SACRAMENTO, California — The Women’s Entrepreneurship and Economic Empowerment Act of 2018 is a bill that aims to provide a more inclusive entry of women into the formal economy through advocating for private property rights and land tenure for women in the workplace. H.R. 5480 was introduced on April 12, 2018, by House Foreign Affairs Committee Chairman Ed Royce (R-CA) and Rep. Lois Frankel (D-FL), Co-Chair of the bipartisan Congressional Caucus for Women’s Issues. The act passed on July 17, 2018 and continues to inform the United States Agency for International Development’s (USAID) approach to women’s rights. Chairman Royce argued that women are still denied access to savings accounts in many places in the world. He also argued that this legislation seeks to help women in the workplace have a stronger economic presence.
In addition to facilitating internal and external training, the USAID provides funding for initiatives and projects geared toward finding a solution through research or developmental programming. USAID’s programming is dedicated to the growth of adolescent girls through education and advocacy. Girls who experience poverty are more likely to lack access to education, basic resources and healthcare.
What Women Can Do With Access
Cathy Russell, Ambassador-at-Large for Global Women’s Issues said, “when women have any economic opportunities, they invest at higher rates.” Furthermore, “if they take out loans they pay their loans back at higher rates than men.” Russell thinks this trend is something to consider when looking to expand the participation of women in the workplace, economies and formal workforce.
H.R. 5480 strongly considers the part property plays in wealth accumulation. The act encourages legal frameworks to give women equal rights to own, register, use, profit from and inherit land and property. The act also targets the very poor and households in ultra-poverty with consumption support, promotion of savings, skills training and asset transfers.
Women-owned businesses do not have equal access to the capital needed to stabilize or expand. Women entrepreneurs lack access to markets, market information, digital services, networks, mentorship and other resources. These resources enable them to overcome the obstacles of starting and growing firms and connecting with buyers. Women’s low participation in the formal labor markets of developing countries impedes economic growth and poverty reduction. The larger the opportunity gap between genders, the more likely a country is to be involved in violent conflict. Countries with a greater balance of men and women in the workplace and workforce have greater growth, innovation and stability. The same goes for firms: those with a stronger ratio of women in leadership, management and the workforce outperform those with fewer women.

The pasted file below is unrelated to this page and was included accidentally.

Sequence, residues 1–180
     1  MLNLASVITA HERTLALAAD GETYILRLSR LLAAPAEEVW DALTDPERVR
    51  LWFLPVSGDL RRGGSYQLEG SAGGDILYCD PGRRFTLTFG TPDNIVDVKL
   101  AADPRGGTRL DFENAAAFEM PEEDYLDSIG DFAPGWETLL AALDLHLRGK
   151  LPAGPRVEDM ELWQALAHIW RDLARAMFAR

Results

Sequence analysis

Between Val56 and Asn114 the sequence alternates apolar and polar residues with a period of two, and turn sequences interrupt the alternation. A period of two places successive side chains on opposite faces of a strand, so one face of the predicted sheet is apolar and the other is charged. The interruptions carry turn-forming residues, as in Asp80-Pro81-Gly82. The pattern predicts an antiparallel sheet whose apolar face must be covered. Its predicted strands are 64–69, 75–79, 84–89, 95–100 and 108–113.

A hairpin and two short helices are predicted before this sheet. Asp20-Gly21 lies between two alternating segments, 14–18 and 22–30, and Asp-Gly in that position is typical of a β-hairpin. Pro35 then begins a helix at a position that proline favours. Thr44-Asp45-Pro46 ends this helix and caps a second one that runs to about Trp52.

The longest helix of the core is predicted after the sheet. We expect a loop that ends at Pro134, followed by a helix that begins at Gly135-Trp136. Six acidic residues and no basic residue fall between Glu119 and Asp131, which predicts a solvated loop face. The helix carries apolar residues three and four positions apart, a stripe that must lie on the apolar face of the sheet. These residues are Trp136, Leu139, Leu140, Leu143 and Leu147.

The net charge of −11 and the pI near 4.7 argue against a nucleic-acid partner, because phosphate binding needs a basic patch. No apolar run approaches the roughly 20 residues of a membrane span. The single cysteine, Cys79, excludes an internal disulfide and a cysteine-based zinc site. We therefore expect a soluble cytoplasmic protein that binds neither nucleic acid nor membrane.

Many women globally do not have decision-making power but they still have large stakes in bringing in income. Studies show that incorporating women into the economy and power-yielding spaces is making more sustainable solutions.
Breaking Down the Barriers
Women are not receiving the credit and loans to continue with their businesses. This negatively impacts their business continuity. How can wealthy financial institutions use financial literacy to increase the amount of credit and loans for women in the workplace and their business ventures?
Kathryn Kaufman, the Managing Director of the U.S. Chamber of Commerce Foundation, found her niche in financial development at the Office of the Secretary of Defense. She served as a Country Director for China and Taiwan on the Asia Pacific desk in the Secretary’s policy office. Additionally, she served in the United States Embassy, Beijing, in both the Foreign Commercial Service Office and Ambassador’s office as control officer for the Presidential Delegation to the 2008 Summer Olympic Games.
Kaufmann was a guest speaker in a series of talks on women’s economic empowerment leading up to the G7 summit in June of 2020. G7 is a group of developed countries that work on issues together and oversee any mutually beneficial plans of action. G7’s aspirations are concrete and focused on women in the workplace as financial players. Kaufmann said that many women do not have the background or skills to put together a package that a loan officer would look at to judge if they are qualified borrowers. This creates a power dynamic where women in the workplace looking to start businesses are often at the mercy of loan officers that may or may not have an unconscious bias against them.
There is a misconception that women are less loyal and high-risk customers. Misconceptions such as this are derived from stereotypes about women in the workplace as entrepreneurs, employees and customers. Developmental financial institutions like the office of Global Women’s Issues know that women are more loyal, borrow fewer amounts and pay back their loans at higher rates in less time as opposed to men. Additionally. when women have access to loans, they vaccinate and educate their children.
Addressing these barriers in comprehensive and meaningful ways requires advancing women’s full and free participation in the economy. Developmental financial institutions tackling these misconceptions help to center women in the workplace as entrepreneurs in the greater narrative of fighting global poverty.
– Joy Maina